Resolve is Relative.

New Year’s resolutions are generally well-intended but often unkempt. You want to change your physique, walk the dog more, keep better organized, control spending or make myriad other upgrades to your life, but when it comes down to it, it just seems so darn hard. For perspective, consider how hard it might be for someone with traumatic brain injury (TBI) who resolves to step off the curb without stepping into moving traffic; manage walking on different surfaces without falling; distinguish flour from sugar or put parts of a sandwich together so it makes sense.

Simple and automatic tasks for most of us; but for some people with TBI, the acts of daily living present enormous challenges. Looking both ways before crossing the street, which as adults we do without thinking, requires relearning that thought process for someone whose TBI has disconnected parts of the eye’s field of vision. In that case, even chopping an apple could be difficult and dangerous.

We’re hearing a lot about TBI in the news as the staggering numbers of diagnosed service members make it a continuing, sad story. With the recent end of conflict in Iraq and service members returned en masse, the pervasiveness of the injury is coming into clearer view, though most of us really don’t understand what TBI is or how it manifests itself in daily life. We read the stories, but if someone was stumbling around on a corner trying to cross the street we might assume he was drunk, not suffering from TBI. That’s a societal challenge for the victim, layered on top of cognitive, behavioral and medical challenges.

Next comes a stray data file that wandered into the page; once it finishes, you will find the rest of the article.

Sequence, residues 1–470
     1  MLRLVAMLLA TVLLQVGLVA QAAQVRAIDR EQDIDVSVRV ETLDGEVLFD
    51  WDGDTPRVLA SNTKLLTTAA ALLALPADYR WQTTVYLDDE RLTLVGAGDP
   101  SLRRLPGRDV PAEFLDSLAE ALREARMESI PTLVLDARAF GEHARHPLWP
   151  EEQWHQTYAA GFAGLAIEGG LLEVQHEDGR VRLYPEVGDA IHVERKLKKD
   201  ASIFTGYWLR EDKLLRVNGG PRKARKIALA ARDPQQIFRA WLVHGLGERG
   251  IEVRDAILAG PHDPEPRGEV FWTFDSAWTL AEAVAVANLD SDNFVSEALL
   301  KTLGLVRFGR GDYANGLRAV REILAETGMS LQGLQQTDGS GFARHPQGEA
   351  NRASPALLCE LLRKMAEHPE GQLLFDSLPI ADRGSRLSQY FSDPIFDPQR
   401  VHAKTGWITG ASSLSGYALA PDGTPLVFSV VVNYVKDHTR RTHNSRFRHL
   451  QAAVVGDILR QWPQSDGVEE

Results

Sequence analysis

There’s a facility in Johnstown, Pa., one of two in the country that uses some unique therapies to help service members with TBI re-learn daily skills so they can reintegrate back into community life. The Defense and Veterans Brain Injury Center, part of the Defense Centers of Excellence for Psychological Health and Traumatic Brain Injury, has a machine where patients press buttons as they light up, strengthening their physical response to visual stimulation and teaching them how to accommodate the field of vision they do have through movement. The center also has an underwater treadmill to help patients regain strength and balance without putting extra stress on the body. Outside are various walking surfaces to help patients negotiate different terrains.

For service members receiving extensive treatment for TBI in order to return to their daily lives and have their own roles in the community, typical New Year’s resolutions are easier than a walk in the park. So, if you’re thinking about how hard it is to put down that bag of chips, think again.